The Professional Guide to Value Pricing by Ronald Baker is in its sixth edition, and I still am amazed by the impact that the book has made on the profession. I recently spent some time talking to Ron and an associate at a conference that we attended. As ever, I got the distinct impression that Ron enjoyed his role as evangelist for value pricing, although he showed a little frustration that many in the profession still don't get it.

I can understand his frustration, because many practitioners have difficulty breaking from an hourly billing mentality especially with regard to existing clients. To reassure Ron, I have noticed many CPAs are trying to implement some kind of value pricing for particular types of engagements.

I believe that the key to value pricing is not just the two parties see value in the services, but that there be some commonality in the value seen by the provider and the recipient of the service. Without that commonality, there is often only is an illusion of value.

Let me give you two examples. The first was a teacher who took advantage of an offer by a now Big Four firm to help her with financial planning for a modest fee. After filling out a very short questionnaire, she quickly got back an extensive report. On close examination, it was obvious to anyone who knows anything about financial planning that the report was a template, and the only thing original in it was a pie chart showing the breakdown by type of the individual's assets coupled with a boilerplate recommendation that the allocation wasn't right for someone of the individual's age. Of course, there was the siren's call, "We would like to talk to you about this further, please contact us." Luckily, this illusion of value was seen and the call was never made.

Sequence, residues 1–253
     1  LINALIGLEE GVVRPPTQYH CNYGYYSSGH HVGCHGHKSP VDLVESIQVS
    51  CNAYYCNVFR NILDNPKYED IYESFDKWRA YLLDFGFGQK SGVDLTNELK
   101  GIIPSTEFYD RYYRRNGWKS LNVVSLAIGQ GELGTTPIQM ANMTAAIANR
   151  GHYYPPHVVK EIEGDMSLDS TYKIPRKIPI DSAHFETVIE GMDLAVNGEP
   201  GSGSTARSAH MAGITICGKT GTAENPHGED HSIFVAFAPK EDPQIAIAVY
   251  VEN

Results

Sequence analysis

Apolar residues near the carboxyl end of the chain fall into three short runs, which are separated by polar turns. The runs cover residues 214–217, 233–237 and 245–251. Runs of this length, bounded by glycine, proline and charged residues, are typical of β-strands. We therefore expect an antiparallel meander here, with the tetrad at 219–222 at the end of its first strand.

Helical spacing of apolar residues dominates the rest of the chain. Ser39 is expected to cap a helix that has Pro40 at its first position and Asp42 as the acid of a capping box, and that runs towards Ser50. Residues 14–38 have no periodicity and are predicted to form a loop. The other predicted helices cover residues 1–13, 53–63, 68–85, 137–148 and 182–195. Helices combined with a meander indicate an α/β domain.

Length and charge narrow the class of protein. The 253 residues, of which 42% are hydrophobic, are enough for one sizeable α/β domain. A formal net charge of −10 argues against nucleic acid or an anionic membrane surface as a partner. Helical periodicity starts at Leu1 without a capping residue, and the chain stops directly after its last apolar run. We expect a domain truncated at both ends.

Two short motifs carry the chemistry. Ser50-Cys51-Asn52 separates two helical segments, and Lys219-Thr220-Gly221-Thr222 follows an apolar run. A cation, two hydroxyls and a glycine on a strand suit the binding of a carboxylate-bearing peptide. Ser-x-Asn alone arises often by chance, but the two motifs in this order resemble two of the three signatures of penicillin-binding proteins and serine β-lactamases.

The second example deals with a regional firm that was doing some internal control evaluation work for a public company until one of the company's managers discovered that a college intern was doing the work rather than a firm member. The company quickly discharged the regional firm and hired a much smaller, local firm to complete the engagement.

I believe that in order for value pricing to succeed within the accounting profession, accountants have to do a little self-promotion of the actual value they are providing to clients. They also must educate clients on the significant value of their time. This will help a client understand that if they want something done quickly, a surcharge will be in addition to the standard fee for the engagement.

The end result of this search for commonality, hopefully, is that clients and their CPAs will have similar values as to what constitutes value pricing.

Register or login for access to this item and much more

All Accounting Today content is archived after seven days.

Community members receive:
  • All recent and archived articles
  • Conference offers and updates
  • A full menu of enewsletter options
  • Web seminars, white papers, ebooks

Don't have an account? Register for Free Unlimited Access